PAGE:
Theory and methods

A2 Sociology: Theory and Methods with Crime and Deviance

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- consensus structuralism

- Durkheim, Parsons & Merton

- society is a stable, harmonious integrated social system

- social order and cohesion is maintained by a fundamental value consensus

- institutions like the family and religion help to maintain the social system

- society is like a human body with different parts that work together

- society has functional prerequisites it needs to meet to survive

- all social phenomena have a function

- deviance is a useful warning that something is wrong in society

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Functionalism: social order

- Durkheim said people were selfish so society would fall into chaos if people did not share common values and commit to co-operating in society

- people need to be socialised into the value consensus

- agencies of socialisation integrate people within society

- social change happens when new functions emerge or society needs to adapt

- change is a slow process of social evolution

- all parts of society link together so a change in one part will result in changes in the others

- Parson's structural differentiation - societies evolve and new needs arise so more specialised institutions emerge to take over functions once performed by single institutions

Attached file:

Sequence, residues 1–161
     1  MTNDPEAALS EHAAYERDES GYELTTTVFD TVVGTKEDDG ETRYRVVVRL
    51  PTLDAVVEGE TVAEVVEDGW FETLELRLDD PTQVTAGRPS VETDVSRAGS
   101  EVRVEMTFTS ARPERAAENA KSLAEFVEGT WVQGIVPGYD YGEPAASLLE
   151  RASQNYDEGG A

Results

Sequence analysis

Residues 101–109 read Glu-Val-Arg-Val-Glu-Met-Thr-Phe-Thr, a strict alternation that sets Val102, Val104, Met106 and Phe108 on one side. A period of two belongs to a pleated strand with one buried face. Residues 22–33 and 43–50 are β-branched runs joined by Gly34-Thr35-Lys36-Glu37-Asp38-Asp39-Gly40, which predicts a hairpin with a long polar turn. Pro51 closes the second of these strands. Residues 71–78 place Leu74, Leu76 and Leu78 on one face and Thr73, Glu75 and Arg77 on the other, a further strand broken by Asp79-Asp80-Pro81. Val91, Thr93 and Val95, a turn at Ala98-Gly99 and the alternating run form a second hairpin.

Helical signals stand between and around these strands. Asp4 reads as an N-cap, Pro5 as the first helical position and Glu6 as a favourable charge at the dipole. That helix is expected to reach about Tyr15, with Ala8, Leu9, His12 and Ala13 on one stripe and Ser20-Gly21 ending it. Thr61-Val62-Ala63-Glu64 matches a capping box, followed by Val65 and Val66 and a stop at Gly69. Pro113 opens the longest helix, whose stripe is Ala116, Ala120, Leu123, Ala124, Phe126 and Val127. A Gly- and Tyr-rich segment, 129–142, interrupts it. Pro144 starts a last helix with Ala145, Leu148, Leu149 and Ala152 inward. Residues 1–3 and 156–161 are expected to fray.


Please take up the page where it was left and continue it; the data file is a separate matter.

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Manifest and latent functions

- Merton critisised Parsons for saying all social institutions were beneficial

- Merton said society was highly complex and there is lots of scope for things to go wrong, things do not always work as intended

- Merton recognised that there were potential conflicts with the functionalist view that all parts of society work for the benefit of everyone

- growth of technology has meant better and cheaper products have been produced but it has also added to environmental pollution

- manifest functions are intended outcomes of an institution

- latent functions are unintended consequences

- hospital helps to make people better but the staff there may meet their future partners

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Strengths of functionalism

- recognises the importance of the social structure in understanding society - all parts of society are connected and work together to maintain a harmonious social system

- provides an explanation for social stability

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Weaknesses of functionalism

- does not allow for individual choice and simply sees individuals as passive products of the social system

- metannarative theory that tries to explain everything from one perspective. Postmodernists say this is not possible as society is too complex and chaotic

- Is not able to explain very rapid social change

- Takes for granted that there is a value consensus in society that will maintain harmony. Just because there is one, does not mean it will achieve this. If the value consensus was 'every man for himself' that is more likely to generate conflict

- Marxists say that it overemphasises consensus in society and downplays the extent of conflict and inequality

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- conflict structuralism

- economy is driving force in society so determines social institutions and people's values